4/9/2009 2:11:31 PM
Subject: ch. 4: yuan and ming: two modes of imperial unification
Chinese culture and society were more affected by, and more comfortable with, their place within the cosmopolitan world empire of the Mongols than has generally been understood. In many ways the commercial prosperity and openness to the world of Southern Song continued under the Yuan. But the turmoil of the Yuan-Ming transition produced a decisive break with those trends, and stability was achieved only on much less commercial and much more “Neo-Confucian” foundations. The Ming system of foreign relations, the only real "tribute system" in all of Chinese history, can be read as a Neo-Confucian systematization of the experience of world empire under the Mongols. It also provides the type cases, in the building of the Great Wall and the persis¬tent refusal to deal with the Mongols because of their "in¬sincerity", for concepts of defensiveness and dogmatism in Chinese foreign policy.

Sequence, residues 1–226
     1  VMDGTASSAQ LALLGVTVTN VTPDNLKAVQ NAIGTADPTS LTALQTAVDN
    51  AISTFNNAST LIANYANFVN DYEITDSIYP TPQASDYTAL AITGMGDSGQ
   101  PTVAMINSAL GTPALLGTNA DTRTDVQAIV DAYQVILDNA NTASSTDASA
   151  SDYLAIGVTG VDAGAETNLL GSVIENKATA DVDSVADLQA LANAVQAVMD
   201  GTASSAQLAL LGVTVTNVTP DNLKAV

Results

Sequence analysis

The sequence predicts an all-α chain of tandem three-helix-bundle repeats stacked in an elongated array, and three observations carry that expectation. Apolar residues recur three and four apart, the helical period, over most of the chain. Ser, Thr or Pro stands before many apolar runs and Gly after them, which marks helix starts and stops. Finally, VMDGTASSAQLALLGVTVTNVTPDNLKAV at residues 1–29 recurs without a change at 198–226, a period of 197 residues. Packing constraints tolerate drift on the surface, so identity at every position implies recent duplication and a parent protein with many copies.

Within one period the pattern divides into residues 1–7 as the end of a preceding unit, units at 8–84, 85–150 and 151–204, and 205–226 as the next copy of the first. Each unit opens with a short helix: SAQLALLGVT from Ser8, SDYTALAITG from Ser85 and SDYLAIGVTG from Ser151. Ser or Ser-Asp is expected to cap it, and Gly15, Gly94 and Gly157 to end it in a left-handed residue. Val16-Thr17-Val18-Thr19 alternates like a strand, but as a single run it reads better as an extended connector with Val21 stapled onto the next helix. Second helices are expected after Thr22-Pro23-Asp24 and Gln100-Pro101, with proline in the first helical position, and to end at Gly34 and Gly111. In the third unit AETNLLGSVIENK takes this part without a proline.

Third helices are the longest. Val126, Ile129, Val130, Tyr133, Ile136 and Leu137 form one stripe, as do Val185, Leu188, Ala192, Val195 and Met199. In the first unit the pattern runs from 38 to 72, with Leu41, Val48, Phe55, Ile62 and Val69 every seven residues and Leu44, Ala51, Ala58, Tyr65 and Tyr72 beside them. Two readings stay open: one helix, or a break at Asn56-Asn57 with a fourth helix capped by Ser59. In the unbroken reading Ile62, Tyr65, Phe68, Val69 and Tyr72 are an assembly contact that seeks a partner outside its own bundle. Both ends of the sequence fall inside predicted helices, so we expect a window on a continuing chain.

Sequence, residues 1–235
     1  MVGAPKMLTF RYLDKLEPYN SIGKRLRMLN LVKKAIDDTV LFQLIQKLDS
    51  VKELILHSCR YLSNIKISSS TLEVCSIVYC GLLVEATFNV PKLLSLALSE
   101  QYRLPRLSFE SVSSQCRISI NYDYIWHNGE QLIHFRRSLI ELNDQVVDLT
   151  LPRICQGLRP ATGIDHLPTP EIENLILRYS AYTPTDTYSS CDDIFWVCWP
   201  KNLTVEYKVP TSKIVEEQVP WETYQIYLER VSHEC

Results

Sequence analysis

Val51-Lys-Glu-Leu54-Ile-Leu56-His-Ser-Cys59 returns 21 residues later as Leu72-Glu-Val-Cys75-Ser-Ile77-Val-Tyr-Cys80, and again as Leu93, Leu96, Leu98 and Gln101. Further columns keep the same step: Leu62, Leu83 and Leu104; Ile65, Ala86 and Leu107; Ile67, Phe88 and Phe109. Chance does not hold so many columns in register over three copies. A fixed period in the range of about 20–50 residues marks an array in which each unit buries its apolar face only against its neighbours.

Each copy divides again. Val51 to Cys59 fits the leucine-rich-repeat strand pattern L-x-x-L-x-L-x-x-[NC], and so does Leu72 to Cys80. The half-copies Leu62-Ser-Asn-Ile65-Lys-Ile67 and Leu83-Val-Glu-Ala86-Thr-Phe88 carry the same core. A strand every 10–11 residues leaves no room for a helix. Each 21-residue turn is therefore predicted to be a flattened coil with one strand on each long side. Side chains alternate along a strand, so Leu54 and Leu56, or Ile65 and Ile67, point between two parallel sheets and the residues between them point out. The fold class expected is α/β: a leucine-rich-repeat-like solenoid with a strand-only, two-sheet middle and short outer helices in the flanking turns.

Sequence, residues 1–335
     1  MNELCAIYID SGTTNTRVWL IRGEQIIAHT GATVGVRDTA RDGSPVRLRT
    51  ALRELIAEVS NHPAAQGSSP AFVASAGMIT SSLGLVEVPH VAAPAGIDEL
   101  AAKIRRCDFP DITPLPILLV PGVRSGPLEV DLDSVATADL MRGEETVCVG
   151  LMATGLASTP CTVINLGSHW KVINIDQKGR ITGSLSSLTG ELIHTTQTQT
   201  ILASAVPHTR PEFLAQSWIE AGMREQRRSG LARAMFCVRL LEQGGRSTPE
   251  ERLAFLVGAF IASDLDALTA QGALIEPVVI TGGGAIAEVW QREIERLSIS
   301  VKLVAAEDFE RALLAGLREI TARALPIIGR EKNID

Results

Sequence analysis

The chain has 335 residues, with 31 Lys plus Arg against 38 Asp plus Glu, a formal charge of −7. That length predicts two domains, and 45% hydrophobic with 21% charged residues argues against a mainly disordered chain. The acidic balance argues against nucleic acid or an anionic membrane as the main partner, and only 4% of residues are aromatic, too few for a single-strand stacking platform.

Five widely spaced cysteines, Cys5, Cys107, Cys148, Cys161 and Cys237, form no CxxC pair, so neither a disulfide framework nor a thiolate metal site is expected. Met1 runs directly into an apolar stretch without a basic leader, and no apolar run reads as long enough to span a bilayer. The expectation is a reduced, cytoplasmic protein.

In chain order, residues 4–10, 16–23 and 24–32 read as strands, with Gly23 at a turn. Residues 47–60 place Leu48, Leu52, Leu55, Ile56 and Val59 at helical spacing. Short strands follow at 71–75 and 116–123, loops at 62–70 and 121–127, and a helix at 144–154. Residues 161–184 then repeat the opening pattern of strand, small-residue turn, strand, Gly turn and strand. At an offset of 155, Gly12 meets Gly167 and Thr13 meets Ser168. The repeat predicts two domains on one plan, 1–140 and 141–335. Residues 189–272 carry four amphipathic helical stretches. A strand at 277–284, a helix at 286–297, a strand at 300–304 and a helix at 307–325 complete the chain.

Cambridge History of China,Vols. 7, 8.
Edward L. Dreyer, Early Ming China
Arthur Waldron, The Great Wall of China, Ch. 9, 10.
Alastair Iain Johnston, Cultural Realism: Strategic Culture and Grand Strategy in Chinese History.